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In This Issue
World Scleroderma Day
SRF Webinar Series
A Healthy Tension in Translational Research
Positive Results For New Oral PAH Drug
Systemic Sclerosis Stem Cell Transplant
NCATS Researchers Propose Innovative Approach
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World Scleroderma Day - Sunday June 29, 2014  


June is Scleroderma Awareness Month and Sunday, June 29 is World Scleroderma Day. The Scleroderma Research Foundation has partnered with the Scleroderma Foundation and the Scleroderma Society of Canada to help educate and raise awareness. Join us and other organizations around the globe to put a spotlight on scleroderma. What will you do to help find a cure? Here are a few suggestions:   


  • Share the Project Scleroderma video with family, friends, colleagues and media outlets.  
  • Honor your scleroderma heroes with a post on Facebook, Twitter, Instagram or  
  • Make sure to join the social media campaign this Sunday on Twitter and Facebook to make your voice heard. Everything helps!


World Scleroderma Day focuses on the need for heightened public awareness promoting a greater understanding of the disease and the need for increased funds for research into the underlying causes of and ultimately a cure for scleroderma.

SRF Webinar Series 
Next up in the SRF webinar series Dr. Francesco Boin will present live on Thursday, August 21 at 1:00 PM EDT from The Johns Hopkins Scleroderma Center of Excellence. Dr. Boin will provide his expert insights on Diagnosis and Early Management of Scleroderma. His session will take viewers from diagnosis through management of complications that impact the newly diagnosed as well as those who have been living with the disease for many years.

You can register here: https://cc.readytalk.com/r/q1qvpw5wsdxc&eom 


Dr. Boin is a physician-scientist; his research focuses on the cellular biology of immune cells and the mechanisms of autoimmunity in scleroderma. His goal is to identify reliable laboratory tools that can help investigate the causes of scleroderma, effectively measure disease activity, monitor treatments and help predict clinical outcomes in scleroderma patients.


The SRF webinar series provides the scleroderma community with access to leading experts in the field and information that is relevant to better managing the disease. As stated by a recent attendee, "[The webinar] empowers me to have additional discussion with my rheumatologist." 

A Healthy Tension in Translational Research 
A somewhat simplistic but nevertheless informative categorization of science collapses the principles employed to two basic approaches: inductive and deductive reasoning. While both seek to derive truth, the former involves an iterative process of hypothesis and refinement based on experimental observation, while the latter applies rigorous logic to derive the inescapable consequences of fundamental principles that are deemed absolute. Given the daunting complexity of biological systems, it remains true that investigators in the biomedical sciences are largely restricted by necessity to the realm of inductive scientific reasoning. Absolute truths, while conceivable, remain elusive and inherently constrained by the nature of the system used to achieve them.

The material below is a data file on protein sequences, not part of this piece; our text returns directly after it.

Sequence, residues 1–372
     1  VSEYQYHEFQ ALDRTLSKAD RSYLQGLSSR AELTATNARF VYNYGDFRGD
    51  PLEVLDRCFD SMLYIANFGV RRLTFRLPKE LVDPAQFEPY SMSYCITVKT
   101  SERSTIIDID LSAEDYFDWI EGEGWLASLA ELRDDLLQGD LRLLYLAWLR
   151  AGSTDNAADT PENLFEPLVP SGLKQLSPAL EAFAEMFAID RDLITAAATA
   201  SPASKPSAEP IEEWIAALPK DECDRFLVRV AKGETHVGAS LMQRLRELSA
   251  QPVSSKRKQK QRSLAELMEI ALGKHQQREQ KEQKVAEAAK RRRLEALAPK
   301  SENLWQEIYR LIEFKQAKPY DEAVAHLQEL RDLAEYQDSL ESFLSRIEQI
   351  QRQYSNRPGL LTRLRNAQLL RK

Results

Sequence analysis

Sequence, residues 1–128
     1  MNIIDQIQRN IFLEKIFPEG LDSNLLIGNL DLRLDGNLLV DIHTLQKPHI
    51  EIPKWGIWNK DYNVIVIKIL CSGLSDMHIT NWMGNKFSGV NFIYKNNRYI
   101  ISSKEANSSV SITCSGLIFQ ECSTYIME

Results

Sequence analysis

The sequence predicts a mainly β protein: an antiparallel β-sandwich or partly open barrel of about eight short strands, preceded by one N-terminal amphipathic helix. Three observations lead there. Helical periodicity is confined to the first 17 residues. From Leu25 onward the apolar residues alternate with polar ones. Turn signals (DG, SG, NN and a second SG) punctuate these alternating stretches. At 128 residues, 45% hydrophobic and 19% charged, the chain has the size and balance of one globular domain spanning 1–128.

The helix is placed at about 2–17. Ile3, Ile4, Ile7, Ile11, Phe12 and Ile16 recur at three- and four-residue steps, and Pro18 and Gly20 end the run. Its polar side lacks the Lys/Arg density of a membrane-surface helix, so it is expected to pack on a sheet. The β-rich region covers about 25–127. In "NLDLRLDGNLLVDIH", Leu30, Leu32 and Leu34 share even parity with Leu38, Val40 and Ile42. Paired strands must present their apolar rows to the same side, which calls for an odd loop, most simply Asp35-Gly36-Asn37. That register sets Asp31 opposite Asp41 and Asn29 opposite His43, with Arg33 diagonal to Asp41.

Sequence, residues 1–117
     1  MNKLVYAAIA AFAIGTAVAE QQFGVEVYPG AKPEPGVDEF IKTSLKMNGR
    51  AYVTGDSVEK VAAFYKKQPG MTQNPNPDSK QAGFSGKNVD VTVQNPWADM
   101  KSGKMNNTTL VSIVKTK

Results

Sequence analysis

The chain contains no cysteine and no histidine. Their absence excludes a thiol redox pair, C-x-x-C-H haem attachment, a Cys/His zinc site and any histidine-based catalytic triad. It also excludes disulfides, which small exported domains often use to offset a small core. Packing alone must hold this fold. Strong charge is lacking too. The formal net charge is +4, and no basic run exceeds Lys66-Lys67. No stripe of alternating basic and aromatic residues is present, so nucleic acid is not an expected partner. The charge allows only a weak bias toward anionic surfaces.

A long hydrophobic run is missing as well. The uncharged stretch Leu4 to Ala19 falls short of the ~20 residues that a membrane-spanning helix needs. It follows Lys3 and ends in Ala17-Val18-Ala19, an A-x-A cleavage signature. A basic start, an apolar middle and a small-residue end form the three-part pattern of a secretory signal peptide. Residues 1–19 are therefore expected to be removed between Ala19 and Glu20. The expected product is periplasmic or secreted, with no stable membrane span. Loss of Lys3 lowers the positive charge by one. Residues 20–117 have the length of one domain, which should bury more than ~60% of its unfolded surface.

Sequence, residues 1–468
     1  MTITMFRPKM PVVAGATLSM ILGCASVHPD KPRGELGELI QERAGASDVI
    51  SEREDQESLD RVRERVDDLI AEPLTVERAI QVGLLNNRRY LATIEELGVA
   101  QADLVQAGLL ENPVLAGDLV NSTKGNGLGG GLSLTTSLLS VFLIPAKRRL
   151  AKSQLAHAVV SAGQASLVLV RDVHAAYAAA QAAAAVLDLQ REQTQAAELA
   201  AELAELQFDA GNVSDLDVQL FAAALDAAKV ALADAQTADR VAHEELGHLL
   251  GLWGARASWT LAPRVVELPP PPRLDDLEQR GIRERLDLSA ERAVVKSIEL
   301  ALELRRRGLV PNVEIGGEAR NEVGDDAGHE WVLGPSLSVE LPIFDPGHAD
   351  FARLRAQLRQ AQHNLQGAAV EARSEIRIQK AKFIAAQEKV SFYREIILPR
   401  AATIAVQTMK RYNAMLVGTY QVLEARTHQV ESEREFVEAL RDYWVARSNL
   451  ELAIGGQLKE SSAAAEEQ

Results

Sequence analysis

Positive Results For New Oral Drug From Actelion 

Actelion has announced positive top-line results for a phase III trial of a new oral drug for the treatment of pulmonary arterial hypertension (PAH). The drug, selexipag, is a first-in-class orally available selective prostacyclin IP receptor agonist.

The pivotal, double-blind GRIPHON study was the largest outcome trial ever performed in PAH. 1,156 PAH patients were randomized to selexipag or placebo. The company said that trial had "met its primary efficacy endpoint with high statistical significance." Read more...

Systemic Sclerosis Stem Cell Transplant Risky but Promising

Autologous hematopoietic stem cell transplantation (HSCT) can produce durable event-free survival for patients with diffuse cutaneous systemic sclerosis (SSc) who are able to survive the procedure, but the type of pretransplant cardiac workup commonly used with HSCT in oncology is not sufficient to identify those who are unlikely to survive HSCT long enough to benefit, according to a new study published online June 24 in JAMA.

Coauthor Alois Gratwohl, MD, told Medscape Medical News, "There is now a treatment modality available for patients with severe systemic sclerosis, which can alter the devastating natural course of the disease. HSCT should be envisaged very early on; HSCT cannot change already-existing irreversible organ damage." Dr. Gratwohl is professor emeritus, former head of hematology, and former head of the stem cell transplantation team, Basel University Hospital, Switzerland.Know your target audience. Read more (free log-in required)...


NCATS Researchers Propose Innovative Approach to Test Drugs in Rare Diseases

Developing effective treatments is a slow and costly process, and more than 80 percent of investigational drugs tested in clinical trials fail. Discovering treatments for rare diseases can be even more challenging because the small numbers of patients with these diseases make it difficult to find enough people who can participate in clinical trials. The small numbers of rare disease patients also make gathering information about the diseases difficult. As a result, scientists often know little about the symptoms and biology of these conditions, which adds to the complexity of designing drug studies.  
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